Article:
Oslo joint seminar in atmospheric, ocean and climate science, Feb. 14
Title: Do we underestimate the today’s risk of extremes?
Speaker: Erich Fischer, ETH Zürich
Erich Fischer, ETH Zürich
Stakeholders express a strong need for reliable information on changes in climate extremes in the recent past and coming decades as a basis for adaptation strategies. Quantifying reliable hazard return periods, an important factor in the risk equation, is vital but remains challenging because extremes are very rare by definition and occur irregularly due to internal climate variability. Likewise, it is particularly challenging to detect potential local and regional changes in both observations and models. Since observational series are often short, there is a substantial risk of identifying spurious trends, or missing a climate change signal hidden by large variability. Based on a large initial condition ensemble I demonstrate that the latter may lead to too high return period estimates for hot and heavy precipitation extremes in today’s climate. This implies a potential serious underestimation of present-day probabilities of temperature and precipitation extremes.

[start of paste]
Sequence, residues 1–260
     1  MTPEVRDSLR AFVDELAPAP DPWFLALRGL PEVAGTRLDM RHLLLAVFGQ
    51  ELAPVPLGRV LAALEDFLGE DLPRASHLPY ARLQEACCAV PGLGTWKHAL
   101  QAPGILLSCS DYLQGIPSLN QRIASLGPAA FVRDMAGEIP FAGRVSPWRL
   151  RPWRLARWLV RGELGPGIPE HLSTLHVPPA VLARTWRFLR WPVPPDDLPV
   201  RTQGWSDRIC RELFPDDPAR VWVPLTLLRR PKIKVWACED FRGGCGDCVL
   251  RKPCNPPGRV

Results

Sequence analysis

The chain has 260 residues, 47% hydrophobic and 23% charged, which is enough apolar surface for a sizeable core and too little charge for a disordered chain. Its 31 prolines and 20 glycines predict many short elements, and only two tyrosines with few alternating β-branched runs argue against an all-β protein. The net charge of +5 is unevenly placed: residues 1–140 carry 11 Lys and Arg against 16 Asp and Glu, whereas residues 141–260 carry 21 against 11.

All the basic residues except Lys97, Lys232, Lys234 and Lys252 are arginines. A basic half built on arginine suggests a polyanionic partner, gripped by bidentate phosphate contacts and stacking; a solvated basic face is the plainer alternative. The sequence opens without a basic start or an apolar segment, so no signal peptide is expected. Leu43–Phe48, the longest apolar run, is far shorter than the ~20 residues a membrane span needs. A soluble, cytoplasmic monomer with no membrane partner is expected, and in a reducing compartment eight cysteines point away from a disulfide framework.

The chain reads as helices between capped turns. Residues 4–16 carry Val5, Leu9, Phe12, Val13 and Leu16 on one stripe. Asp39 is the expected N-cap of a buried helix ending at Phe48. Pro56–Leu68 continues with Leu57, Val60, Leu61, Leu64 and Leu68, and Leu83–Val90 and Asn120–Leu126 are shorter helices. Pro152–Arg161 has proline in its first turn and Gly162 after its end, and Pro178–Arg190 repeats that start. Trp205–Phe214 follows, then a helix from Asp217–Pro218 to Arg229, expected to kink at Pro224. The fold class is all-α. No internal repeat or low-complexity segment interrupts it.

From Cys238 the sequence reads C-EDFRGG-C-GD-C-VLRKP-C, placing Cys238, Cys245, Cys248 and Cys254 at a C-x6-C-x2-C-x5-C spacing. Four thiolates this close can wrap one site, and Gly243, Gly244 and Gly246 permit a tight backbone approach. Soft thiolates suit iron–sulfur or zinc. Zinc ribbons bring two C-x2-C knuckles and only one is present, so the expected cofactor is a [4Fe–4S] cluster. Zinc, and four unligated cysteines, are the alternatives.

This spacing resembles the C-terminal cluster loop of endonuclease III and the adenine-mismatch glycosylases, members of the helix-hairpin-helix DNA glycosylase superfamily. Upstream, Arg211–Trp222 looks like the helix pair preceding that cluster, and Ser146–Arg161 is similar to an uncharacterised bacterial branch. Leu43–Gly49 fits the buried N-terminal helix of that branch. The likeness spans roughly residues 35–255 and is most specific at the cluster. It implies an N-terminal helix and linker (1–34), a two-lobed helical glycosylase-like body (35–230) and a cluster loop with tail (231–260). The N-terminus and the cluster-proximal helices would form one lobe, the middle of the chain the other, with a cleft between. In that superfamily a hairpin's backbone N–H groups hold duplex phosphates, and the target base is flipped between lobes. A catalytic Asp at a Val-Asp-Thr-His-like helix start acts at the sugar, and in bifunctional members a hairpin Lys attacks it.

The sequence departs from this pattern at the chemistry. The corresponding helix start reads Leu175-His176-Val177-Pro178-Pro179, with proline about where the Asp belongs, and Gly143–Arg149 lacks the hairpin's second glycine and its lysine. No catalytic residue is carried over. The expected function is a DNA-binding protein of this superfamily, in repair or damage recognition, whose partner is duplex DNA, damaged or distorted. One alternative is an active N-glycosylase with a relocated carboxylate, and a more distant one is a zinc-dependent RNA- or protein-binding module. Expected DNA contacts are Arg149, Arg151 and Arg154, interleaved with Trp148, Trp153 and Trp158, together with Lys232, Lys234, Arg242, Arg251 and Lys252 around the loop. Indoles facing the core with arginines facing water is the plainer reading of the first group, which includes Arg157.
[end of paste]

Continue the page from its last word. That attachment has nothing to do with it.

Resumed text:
Since the hazard probability is an important factor in the risk equation, we may regionally substantially underestimate the risk of temperature and precipitation extremes of the coming decades and not be well prepared for the events possible today and in the coming decades.
What is the Joint Oslo Seminar (JOS):
Atmospheric and climate sciences have a stronghold in Oslo among the four institutions University of Oslo, the Meteorological Institute, CICERO and NILU. This joint seminar invites renowned international experts to contribute to an informal series of lectures, meant to create interaction with the Oslo atmospheric and climate science community on recent highlights and analysis in the field. All seminars will be held on Thursdays (Noon -1pm) and lunch (sandwiches) will be served on a “first-come-first-served”-basis.